BIO Applauds President Obama’s Action to Expand Federal Funding of Embryonic Stem Cell Research

BIO lauded President Barack Obama&rsquo;s Executive Order to allow the National Institutes of Health (NIH) to fund research using embryonic stem cells.&nbsp;</p>

WASHINGTON, D.C. (March 9, 2009) – The Biotechnology Industry Organization (BIO) lauded President Barack Obama’s Executive Order to allow the National Institutes of Health (NIH) to fund research using embryonic stem cells.   The NIH was previously able to fund research only on a very limited number of stem cell lines.

“We fully support and are enthusiastic about President Obama’s decision to allow the NIH to fund embryonic stem cell research,” said Jim Greenwood, president and CEO of BIO.  “BIO believes that research on both adult and embryonic stem cells holds great promise to produce new therapies and possibly cures for the millions of patients in the U.S. and around the world suffering from cancer, diabetes, Alzheimer’s, Parkinson’s, spinal cord injuries and other life-threatening diseases and conditions.”

Embryonic stem cell research will also further the development of cell-based therapies by leading to greater scientific understanding of cell differentiation (the process by which cells become specialized to perform certain functions) and proliferation (the process by which cells expand or multiply for controlled use as a potential therapeutic). 

“Today’s action to expand  NIH funding of stem cell research is a welcome and critical step.  But  it is only the first step in a very long and complex process to move from the promise of research to the reality of new therapies and cures for patients,” continued Greenwood.  “To fulfill this promise, we need the advanced research capabilities and product development expertise of biotechnology companies.  And for biotechnology companies to succeed, we need to ensure that we have public policies in place which encourage innovation by protecting intellectual property, fully funding and appropriately staffing the Food and Drug Administration,  and providing adequate reimbursement.”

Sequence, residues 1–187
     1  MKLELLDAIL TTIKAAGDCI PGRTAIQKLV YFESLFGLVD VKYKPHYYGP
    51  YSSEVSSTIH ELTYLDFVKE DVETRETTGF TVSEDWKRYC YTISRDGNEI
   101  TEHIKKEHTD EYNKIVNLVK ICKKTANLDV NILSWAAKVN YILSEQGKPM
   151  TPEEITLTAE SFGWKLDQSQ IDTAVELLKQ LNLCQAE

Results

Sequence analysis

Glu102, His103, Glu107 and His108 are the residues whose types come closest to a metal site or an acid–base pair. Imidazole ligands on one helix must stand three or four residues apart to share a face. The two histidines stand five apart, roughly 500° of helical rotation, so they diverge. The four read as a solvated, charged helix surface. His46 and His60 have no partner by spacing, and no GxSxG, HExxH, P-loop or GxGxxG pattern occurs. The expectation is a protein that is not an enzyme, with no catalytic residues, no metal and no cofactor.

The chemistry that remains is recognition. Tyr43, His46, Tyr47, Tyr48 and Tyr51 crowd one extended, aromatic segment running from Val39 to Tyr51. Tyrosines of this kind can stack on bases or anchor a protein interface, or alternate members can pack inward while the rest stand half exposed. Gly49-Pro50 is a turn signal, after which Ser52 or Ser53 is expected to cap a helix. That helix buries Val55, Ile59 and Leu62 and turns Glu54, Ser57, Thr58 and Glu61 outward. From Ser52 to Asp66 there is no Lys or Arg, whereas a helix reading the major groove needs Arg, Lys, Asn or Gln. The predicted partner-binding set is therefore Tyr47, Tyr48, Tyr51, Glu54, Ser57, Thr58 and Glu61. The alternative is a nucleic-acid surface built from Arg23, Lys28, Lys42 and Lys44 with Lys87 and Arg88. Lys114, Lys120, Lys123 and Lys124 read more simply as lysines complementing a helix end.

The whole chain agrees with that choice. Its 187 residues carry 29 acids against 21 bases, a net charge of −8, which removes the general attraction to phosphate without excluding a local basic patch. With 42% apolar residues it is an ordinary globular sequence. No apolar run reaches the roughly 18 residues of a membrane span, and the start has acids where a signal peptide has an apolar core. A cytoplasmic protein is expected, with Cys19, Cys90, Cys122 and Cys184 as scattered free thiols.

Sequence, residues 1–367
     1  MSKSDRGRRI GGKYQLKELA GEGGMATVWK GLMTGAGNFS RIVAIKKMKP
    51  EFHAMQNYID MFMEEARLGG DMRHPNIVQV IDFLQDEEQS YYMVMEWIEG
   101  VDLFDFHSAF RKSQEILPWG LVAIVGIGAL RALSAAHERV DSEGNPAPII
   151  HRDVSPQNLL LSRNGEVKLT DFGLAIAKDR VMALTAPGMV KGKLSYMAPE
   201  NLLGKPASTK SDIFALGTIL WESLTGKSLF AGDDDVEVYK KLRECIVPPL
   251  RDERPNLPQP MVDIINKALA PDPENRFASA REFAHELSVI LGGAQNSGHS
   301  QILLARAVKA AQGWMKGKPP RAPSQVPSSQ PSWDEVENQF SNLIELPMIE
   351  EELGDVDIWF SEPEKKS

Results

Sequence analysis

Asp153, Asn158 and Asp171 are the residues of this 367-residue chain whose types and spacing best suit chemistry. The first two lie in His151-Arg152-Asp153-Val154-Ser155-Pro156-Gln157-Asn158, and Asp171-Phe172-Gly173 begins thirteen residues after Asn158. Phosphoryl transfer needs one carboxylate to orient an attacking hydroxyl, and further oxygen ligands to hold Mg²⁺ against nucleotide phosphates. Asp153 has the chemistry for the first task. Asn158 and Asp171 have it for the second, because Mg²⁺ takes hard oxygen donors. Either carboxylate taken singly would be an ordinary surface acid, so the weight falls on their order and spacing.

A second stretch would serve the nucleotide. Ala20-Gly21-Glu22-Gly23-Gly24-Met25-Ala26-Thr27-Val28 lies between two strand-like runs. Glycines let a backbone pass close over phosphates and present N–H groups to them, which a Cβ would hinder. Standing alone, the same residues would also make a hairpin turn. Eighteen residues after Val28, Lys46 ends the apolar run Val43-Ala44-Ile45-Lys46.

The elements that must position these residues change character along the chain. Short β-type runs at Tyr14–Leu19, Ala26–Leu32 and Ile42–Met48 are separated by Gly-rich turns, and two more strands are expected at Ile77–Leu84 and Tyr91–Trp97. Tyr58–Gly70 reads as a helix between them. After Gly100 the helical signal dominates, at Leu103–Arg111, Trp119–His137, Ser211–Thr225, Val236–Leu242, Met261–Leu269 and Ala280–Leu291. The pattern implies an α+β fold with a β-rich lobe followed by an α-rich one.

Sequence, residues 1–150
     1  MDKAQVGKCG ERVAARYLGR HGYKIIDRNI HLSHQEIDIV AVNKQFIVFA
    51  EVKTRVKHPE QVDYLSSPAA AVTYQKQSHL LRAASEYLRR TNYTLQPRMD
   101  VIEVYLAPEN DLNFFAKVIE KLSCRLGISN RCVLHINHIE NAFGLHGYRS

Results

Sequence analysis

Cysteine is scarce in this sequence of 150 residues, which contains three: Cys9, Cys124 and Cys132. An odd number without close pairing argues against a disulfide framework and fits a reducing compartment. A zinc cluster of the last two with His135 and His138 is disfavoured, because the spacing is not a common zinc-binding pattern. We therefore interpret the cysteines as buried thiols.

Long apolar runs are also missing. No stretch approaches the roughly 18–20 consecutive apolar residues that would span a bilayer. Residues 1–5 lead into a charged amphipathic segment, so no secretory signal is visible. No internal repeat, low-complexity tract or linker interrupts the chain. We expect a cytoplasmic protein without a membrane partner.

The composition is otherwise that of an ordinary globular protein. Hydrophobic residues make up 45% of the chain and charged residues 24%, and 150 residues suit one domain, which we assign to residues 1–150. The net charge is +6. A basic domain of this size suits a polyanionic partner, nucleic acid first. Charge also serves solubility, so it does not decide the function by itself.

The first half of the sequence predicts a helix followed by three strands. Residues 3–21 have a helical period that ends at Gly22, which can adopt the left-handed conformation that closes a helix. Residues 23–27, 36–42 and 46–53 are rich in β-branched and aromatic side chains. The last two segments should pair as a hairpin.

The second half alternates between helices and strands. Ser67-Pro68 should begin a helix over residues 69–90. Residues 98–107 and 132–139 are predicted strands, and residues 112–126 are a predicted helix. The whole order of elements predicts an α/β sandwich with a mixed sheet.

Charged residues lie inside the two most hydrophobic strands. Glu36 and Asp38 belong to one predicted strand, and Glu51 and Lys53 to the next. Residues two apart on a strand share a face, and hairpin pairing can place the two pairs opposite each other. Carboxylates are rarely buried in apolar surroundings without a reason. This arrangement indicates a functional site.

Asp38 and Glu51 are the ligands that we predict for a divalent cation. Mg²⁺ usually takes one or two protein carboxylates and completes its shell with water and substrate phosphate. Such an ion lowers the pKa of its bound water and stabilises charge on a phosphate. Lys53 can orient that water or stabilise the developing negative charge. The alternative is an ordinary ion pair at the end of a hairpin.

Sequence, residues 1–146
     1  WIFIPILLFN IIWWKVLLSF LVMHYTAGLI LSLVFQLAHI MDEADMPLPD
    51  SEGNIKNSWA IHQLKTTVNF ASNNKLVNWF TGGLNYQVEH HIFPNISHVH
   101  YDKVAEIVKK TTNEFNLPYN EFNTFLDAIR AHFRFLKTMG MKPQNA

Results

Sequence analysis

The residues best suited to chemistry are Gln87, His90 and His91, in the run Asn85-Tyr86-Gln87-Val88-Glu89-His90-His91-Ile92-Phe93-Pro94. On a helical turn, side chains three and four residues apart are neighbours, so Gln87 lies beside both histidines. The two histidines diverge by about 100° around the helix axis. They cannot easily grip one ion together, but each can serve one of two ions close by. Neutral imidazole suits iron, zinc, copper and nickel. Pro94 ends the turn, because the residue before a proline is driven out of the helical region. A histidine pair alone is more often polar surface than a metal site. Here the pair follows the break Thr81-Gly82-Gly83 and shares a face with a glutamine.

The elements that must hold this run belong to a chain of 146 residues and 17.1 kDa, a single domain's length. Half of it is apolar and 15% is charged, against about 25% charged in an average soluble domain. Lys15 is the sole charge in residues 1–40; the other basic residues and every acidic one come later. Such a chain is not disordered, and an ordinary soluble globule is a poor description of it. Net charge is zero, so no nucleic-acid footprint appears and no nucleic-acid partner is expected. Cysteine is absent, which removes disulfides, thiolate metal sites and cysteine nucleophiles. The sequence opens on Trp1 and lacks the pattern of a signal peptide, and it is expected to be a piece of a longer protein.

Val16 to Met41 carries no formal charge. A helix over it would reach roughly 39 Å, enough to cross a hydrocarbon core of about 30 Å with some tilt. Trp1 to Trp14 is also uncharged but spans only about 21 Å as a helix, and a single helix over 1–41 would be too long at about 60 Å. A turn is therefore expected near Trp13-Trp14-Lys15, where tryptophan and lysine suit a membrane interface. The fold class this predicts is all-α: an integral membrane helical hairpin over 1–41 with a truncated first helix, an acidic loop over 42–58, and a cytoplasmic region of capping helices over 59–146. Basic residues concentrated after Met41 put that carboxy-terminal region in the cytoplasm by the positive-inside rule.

“We look forward to working with Congress and the Administration to develop public policies that enable our industry to turn the hope of basic research to the reality of cures and advanced therapies,” Greenwood concluded.


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About BIO

BIO represents more than 1,200 biotechnology companies, academic institutions, state biotechnology centers and related organizations across the United States and in more than 30 other nations. BIO members are involved in the research and development of innovative healthcare, agricultural, industrial and environmental biotechnology products. BIO also produces the BIO International Convention, the world’s largest gathering of the biotechnology industry, along with industry-leading investor and partnering meetings held around the world.